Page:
Warchild – Batman

We arrived in Lebanon, ready to try out our ideas for the Batman film. We travelled to a small refugee camp in Lebanon. The camp is enclosed by a giant fence but once inside we were made to feel very welcome. A swarm of children surrounded us. They were very curious to find out why we were there.



Numerous hands shot up in the air and the children’s eyes lit up. In the shadows we found a place to put our volunteers through their paces. “Pretend to be asleep. Look happy. Look sad. Show us how you would feel if you won an important game.”


One special boy – Kadar* (8) – stood out. He was a little shy but very keen to take part. Kadar stood out for the cool, low-key way he played the games and his ability to show different emotions. He was visibly moved when he was chosen for the lead role.


We also thought we’d found a suitable candidate for the scene with the father. But Kadar had other ideas. He thought it would be much better if he played the scene with his own father. Kadar’s father was delighted to take part.


We slowly got to know Kadar. He told us that he escaped Syria with his father and mother. His brother is still there. He said he’d rather not talk about Syria and the things he has seen. “It breaks my heart,” he said.



In the hotel we tried out the Batman costume. The Lebanese boy we had in mind to play Batman was not quite right for the part. He is tall and thin and has a narrow face. So what to do? “Lex, you try it on” suggests our director Jeroen. Lex, our producer, returns ten minutes later. It’s settled. He is Batman.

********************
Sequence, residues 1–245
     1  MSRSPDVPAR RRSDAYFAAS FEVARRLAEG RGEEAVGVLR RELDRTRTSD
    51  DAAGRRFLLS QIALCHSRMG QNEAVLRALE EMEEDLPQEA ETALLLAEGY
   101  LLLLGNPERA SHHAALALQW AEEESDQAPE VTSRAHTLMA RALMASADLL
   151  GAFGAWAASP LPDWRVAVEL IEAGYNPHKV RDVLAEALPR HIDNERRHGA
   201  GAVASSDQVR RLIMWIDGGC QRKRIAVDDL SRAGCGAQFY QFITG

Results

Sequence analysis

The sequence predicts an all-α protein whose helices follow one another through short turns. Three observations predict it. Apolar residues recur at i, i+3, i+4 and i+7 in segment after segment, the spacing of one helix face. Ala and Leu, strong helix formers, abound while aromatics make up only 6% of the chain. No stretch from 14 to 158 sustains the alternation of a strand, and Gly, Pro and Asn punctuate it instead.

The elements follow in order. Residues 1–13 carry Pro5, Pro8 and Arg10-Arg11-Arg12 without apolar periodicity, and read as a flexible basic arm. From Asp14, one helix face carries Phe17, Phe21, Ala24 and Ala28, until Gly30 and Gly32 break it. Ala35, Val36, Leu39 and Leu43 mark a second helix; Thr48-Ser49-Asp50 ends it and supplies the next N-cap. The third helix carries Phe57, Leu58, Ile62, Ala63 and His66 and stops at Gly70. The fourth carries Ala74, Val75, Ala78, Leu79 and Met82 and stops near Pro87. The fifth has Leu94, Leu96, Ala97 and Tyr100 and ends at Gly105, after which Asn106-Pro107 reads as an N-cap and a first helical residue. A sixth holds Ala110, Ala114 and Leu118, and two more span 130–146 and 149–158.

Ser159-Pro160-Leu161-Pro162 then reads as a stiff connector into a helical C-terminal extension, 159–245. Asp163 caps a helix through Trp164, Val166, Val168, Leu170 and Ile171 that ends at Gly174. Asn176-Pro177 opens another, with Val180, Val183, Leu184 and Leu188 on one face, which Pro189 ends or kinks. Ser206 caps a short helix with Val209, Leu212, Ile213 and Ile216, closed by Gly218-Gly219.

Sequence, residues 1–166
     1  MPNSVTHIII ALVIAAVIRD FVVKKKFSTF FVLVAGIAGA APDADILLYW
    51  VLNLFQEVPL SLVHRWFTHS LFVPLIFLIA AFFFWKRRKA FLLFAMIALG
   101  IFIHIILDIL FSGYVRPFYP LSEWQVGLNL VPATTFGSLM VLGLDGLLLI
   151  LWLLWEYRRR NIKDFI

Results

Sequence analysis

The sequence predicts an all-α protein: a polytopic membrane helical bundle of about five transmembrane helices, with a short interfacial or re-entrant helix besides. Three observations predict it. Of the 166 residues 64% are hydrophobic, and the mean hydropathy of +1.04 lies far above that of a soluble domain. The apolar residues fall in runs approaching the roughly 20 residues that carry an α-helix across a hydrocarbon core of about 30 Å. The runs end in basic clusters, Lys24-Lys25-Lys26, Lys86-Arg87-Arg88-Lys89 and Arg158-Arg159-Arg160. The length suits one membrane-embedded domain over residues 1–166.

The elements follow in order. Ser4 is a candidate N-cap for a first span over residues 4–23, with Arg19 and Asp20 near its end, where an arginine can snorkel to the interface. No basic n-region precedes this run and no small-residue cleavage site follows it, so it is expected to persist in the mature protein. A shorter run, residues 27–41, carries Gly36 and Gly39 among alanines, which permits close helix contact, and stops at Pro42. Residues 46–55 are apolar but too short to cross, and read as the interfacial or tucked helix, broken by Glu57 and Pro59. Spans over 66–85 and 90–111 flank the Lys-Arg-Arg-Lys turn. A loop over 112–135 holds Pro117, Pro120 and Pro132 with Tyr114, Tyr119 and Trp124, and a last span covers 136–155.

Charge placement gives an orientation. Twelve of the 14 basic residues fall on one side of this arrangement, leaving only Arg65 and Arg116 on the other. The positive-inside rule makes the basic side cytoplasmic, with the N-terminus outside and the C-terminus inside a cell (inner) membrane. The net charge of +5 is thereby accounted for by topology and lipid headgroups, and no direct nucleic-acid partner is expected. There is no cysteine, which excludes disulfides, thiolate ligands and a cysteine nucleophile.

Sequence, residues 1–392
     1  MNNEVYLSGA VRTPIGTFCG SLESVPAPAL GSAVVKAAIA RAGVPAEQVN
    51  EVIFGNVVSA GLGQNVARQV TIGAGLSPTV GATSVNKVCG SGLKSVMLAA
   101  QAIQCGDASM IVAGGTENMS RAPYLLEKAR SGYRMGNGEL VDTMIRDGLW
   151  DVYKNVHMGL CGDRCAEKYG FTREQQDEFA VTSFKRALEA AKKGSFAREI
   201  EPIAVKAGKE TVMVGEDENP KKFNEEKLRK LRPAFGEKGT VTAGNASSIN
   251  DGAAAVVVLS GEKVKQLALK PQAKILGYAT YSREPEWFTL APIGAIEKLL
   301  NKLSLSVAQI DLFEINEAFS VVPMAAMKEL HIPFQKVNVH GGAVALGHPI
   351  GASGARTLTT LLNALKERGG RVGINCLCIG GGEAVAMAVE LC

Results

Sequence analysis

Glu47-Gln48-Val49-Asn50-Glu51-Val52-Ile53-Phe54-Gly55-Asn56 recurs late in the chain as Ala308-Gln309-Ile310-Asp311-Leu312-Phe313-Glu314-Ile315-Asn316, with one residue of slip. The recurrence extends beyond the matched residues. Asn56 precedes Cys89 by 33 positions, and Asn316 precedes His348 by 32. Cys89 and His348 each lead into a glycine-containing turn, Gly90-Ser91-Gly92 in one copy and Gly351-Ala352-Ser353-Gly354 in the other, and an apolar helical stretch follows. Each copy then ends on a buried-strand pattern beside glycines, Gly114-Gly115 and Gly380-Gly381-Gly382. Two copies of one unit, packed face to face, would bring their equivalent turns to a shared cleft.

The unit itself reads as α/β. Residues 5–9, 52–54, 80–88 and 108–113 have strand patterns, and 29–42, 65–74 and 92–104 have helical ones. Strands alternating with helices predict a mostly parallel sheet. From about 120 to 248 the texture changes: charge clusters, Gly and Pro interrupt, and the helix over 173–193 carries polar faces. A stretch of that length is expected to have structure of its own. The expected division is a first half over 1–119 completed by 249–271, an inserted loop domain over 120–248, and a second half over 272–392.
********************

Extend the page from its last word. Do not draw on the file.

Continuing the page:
We rehearse a dry run of the shoot with Kadar. Without the Batman suit, Lex plays football with the children, puts Kadar on his shoulders and ‘flies’ through the camp. The children laugh themselves silly. Arm wrestling breaks out. It is decided. The following day Lex will put on the ‘Bat-suit’.


The next day it is already warm in the morning. By the afternoon the temperature has climbed to 40 degrees and the suit is melting against Lex’s body. The black makeup under his mask keeps running. I pat his face every ten minutes.


It is Ramadan, so out of respect we eat and drink alone outside the camp. Sweat gushes from the face of our cameraman Gabor but he is unruffled. He wants to capture every scene as beautifully as he can. In the meantime Batman poses for pictures with the parents, the head of the camp and passers-by.



Kadar is a real natural talent. The biggest challenge during filming is to keep all the other children and parents, who are all trying to take a closer look at proceedings, outside the scenes.


In the evening we film the campfire scene. The children happily take part in the filming. We hear on the radio that a bomb attack has taken place in downtown Lebanon and are called by security to return to our hotel. Fortunately the scene is finished and we can leave right away – but not before heading to Kadar’s tent for a cup of the strongest coffee we’ve ever tasted.


The next morning we return to the camp to film the final scene. Our director Jeroen is relentless. The scene is very precise and there are many takes before we get it right. But everybody does it. It’s more than worth it.


Then the clapperboard closes and it’s a wrap. The whole experience was a special adventure, and one with real heroes too.


In 2017 The War Child ‚Batman’ video is awarded with a Golden Lion, a Silver Ciclope, a Bronze ADCN, 2 Bronze LIA’s for Music and Post-Production, and a Silver LIA for production, a Bronze LOVIE, a Silver EPICA and the Golden Radiator!

*Kadar is a pseudonym used for his own safety.

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